“Desserts are a missed opportunity,” says Jeffrey Freehof, owner of The Garlic Clove in Evans, Georgia, and a resident expert at Pizza Today. In our September 2010 issue, he called out desserts as one of the five things every pizzeria should be making in-house. His advice is worth repeating: “Sure, there are a lot of great items you can purchase already prepared with a built-in profit margin,” he says, “but you can usually double your profit (or more) if you can make it yourself.” So, Pizza Today put out its feelers, looking for insight from operators who have created successful dessert programs by either going 100-percent homemade or, more commonly, using a clever combination of homemade, convenience products and prepared desserts.
At 75-seat Bella Vista Trattoria in Wilmington, Delaware, chef/co-owner Candace Roseo offers a rotating dessert menu of 12 Italian favorites. “We stay true to our brand and to our high standards, and to the way of life we knew growing up outside of Naples,” she says. Much of Bella Vista’s menu is produced in-house — from the bread and pizza dough to the pizza sauce and biscotti. “We have a weekly back-of-the-house prep already in place, and it’s manageable,” adds Roseo. “If you have the system set up, then homemade desserts can be much less expensive than those purchased from a purveyor.” But Roseo does rely on convenience products where appropriate. For the very popular cannoli, she buys the pastry shell, but makes the filling. “It’s just not practical for us to make the shells. We don’t want to fry them in the same fryers that we use for chicken and eggplant,” she says. For the restaurant’s traditional Calabrese cannoli filling, she combines ricotta with vanilla, confectioner’s sugar, candied citrus and mini chocolate chips.
Bella Vista’s tiramisu is made from scratch, but Roseo admits that it took them a while to get the system down pat. “We had to figure out packaging and storing, but we landed on the right equipment and method, and we’re really happy with the result,” she says. The prep cooks make the tiramisu in batches, then use a 13-inch by 9-inch heavy-duty resin sheet pan with a lid for storage (similar to a catering tray), freezing them until needed. They prep six trays a week, with each tray holding 15 individual servings. They thaw one tray for service, defrost one in the walk-in and have the rest on hand in the freezer.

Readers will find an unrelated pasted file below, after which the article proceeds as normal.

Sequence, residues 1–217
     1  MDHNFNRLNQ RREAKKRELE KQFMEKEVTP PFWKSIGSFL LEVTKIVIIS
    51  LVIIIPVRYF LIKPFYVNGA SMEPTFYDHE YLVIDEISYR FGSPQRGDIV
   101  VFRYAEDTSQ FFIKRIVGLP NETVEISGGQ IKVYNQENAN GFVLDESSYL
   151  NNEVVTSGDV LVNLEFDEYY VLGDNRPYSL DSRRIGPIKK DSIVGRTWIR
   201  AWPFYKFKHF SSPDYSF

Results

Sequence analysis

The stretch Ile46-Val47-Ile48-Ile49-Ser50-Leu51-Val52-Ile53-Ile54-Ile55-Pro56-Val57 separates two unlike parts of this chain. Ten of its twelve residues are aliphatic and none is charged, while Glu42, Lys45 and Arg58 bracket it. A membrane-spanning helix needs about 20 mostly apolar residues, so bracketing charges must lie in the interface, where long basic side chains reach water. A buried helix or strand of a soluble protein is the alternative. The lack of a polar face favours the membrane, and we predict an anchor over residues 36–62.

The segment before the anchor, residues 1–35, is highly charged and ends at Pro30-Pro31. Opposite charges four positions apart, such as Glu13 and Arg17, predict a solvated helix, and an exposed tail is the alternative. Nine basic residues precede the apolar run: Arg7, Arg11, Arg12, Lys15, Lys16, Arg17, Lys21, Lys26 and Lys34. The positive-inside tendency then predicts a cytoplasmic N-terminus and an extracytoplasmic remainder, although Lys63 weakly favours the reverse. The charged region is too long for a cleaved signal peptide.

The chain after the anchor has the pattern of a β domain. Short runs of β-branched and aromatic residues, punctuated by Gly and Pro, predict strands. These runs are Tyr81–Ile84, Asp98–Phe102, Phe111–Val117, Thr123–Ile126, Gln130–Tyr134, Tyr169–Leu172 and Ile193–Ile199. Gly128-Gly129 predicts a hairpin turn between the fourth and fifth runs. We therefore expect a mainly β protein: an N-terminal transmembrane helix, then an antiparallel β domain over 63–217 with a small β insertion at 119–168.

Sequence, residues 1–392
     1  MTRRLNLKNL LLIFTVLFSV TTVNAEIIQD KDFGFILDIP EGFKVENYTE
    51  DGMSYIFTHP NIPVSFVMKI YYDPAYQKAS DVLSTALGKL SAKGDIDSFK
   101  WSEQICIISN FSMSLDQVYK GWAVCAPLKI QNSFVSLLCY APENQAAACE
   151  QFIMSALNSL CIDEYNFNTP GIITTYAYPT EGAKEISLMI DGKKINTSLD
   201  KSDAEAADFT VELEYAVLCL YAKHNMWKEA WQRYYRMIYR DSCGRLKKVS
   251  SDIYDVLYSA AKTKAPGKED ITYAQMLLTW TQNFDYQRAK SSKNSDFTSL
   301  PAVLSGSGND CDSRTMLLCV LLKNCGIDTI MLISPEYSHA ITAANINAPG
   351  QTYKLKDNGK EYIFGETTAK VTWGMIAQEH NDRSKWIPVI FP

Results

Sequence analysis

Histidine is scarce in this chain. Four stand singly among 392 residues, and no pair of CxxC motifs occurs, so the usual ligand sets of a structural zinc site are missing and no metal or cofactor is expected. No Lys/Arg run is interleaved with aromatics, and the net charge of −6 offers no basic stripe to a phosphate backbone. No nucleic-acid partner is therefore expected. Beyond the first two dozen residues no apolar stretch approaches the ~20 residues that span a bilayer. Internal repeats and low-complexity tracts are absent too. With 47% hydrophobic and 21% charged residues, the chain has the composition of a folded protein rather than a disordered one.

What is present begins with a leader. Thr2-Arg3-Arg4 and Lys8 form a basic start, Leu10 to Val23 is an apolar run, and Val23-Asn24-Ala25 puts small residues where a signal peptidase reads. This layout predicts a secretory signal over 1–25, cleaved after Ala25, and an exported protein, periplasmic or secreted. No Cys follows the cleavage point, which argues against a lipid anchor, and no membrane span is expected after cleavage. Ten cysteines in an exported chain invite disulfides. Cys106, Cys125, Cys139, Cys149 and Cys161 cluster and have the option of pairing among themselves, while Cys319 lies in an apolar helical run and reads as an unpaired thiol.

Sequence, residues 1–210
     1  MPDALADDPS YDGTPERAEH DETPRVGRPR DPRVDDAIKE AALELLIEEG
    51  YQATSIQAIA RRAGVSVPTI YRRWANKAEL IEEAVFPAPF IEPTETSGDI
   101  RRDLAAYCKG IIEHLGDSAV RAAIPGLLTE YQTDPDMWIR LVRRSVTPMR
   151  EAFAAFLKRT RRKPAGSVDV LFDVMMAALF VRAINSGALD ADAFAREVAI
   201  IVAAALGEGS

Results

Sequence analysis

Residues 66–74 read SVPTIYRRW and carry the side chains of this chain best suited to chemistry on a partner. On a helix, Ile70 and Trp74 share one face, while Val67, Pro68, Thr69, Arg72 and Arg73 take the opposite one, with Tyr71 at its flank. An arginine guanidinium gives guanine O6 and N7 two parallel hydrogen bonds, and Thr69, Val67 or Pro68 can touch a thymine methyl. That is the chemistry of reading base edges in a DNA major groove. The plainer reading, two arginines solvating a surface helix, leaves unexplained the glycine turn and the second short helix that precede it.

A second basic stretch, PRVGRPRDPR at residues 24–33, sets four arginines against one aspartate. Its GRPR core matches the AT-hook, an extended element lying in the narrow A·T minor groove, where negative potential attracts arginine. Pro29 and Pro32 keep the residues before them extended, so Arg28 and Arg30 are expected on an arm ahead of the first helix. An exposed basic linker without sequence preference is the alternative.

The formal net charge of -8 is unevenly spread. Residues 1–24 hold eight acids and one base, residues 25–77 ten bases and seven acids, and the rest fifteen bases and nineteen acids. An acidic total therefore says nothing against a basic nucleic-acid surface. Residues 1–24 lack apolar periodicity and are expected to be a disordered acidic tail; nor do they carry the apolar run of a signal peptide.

Bella Vista tried making its granitas and ices in house, but decided to source them from an Italian purveyor instead. “It was a little more work than it was worth,” says Roseo. And with the sfogliatelle, Italian pastries that look like seashells, Bella Vista moved from making them in house to bringing them in unbaked. “You make them by hand,” says Roseo. “They’re hugely labor intensive. We had quality-control issues — for mass production it just wasn’t working.” They now bring them in frozen and bake them off for service.
At Piece Brewery & Pizzeria in Chicago, most of its desserts, such as the Supreme Cheesecake with Raspberry Sauce and the Chocolate Extreme Cake, are out-sourced. But, the signature Chocolate Pizza is homemade. “We don’t make most of our desserts, because they’re not a big part of what we do,” says Bill Jacobs, owner of this 220-seat eatery. “We sell pizza and beer.” Indeed, Piece has an onsite brewery and serves very popular New Haven-style pies. The chocolate pizza, inspired by silent partner Rick Nielsen’s (of Cheap Trick fame) trip to Italy, features pizza dough topped with Nutella 9 (chocolate-hazelnut spread) and mascarpone. Piece bakes it, slices it, and serves the whole pie for $11.95. It runs a 20 percent food cost. “It does really well for us and is so easy to execute,” Jacobs says.
For the staff at San Francisco’s Pauline’s Pizza, the homemade-dessert menu is a heartfelt extension of their core branding and mission statement. The eggs used in the desserts? Sourced from the chickens raised on property. “We also grow our own produce, source organic and make everything in-house,” says Mike Green, sous chef and chief ice-cream maker. “It’s who we are and our customers love us for it.” That customer base has been steady for the last 25 years. “Word of mouth keeps us successful,” says Green.
For Pauline’s seasonal sorbet trio, diners might find an expression of the season’s best melons with scoops of ambrosia melon, heirloom melon and kiwano melon. This pizzeria, which serves Californian-style pizza, runs a core dessert menu of five, including chocolate mousse and butterscotch pudding. Homemade ice cream is a star at Pauline’s, with seasonal favorites featuring homegrown fruits and nuts from the organic garden and ranch. “When you make homemade desserts, your customers know that you care what you’re putting on the plate,” he says.
Chocolate Chip Pizza
1 pound homemade pizza dough or purchased pizza dough
2 teaspoons butter, melted
¼ cup chocolate-hazelnut spread
½ cup semi-sweet chocolate chips
3 tablespoons milk-chocolate chips
2 tablespoons chopped hazelnuts, toasted (optional)
Powdered sugar for dusting
Line a sheet pan with parchment paper. Roll out the dough to a 9-inch-diameter round. Transfer the dough to the prepared pan. Brush the dough with butter, then bake in a 450 F oven until crisp and golden, about 18 minutes. Immediately spread the chocolate-hazelnut spread over the pizza; sprinkle chocolate chips over top. Bake just until the chocolate begins to melt, about 1 minute. Sprinkle hazelnuts over the pizza. Dust with powdered sugar. Cut into wedges. Serve.